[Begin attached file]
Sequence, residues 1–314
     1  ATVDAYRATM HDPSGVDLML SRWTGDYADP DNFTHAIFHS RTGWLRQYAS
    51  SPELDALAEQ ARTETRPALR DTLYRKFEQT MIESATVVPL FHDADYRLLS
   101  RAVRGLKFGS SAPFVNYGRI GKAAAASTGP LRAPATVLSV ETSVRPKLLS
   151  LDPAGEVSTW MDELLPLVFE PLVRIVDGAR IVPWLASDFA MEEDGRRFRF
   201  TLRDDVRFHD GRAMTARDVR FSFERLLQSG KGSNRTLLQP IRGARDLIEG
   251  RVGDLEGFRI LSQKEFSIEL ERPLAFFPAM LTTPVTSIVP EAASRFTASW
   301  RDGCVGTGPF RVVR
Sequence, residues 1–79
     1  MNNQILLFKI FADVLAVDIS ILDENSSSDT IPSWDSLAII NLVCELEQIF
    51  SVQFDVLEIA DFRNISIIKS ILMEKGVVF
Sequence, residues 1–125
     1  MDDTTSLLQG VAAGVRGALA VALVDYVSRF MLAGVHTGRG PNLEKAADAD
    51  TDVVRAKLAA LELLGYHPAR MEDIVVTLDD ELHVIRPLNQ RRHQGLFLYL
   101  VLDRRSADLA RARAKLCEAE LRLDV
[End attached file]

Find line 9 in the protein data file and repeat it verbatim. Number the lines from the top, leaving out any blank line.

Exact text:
Sequence, residues 1–79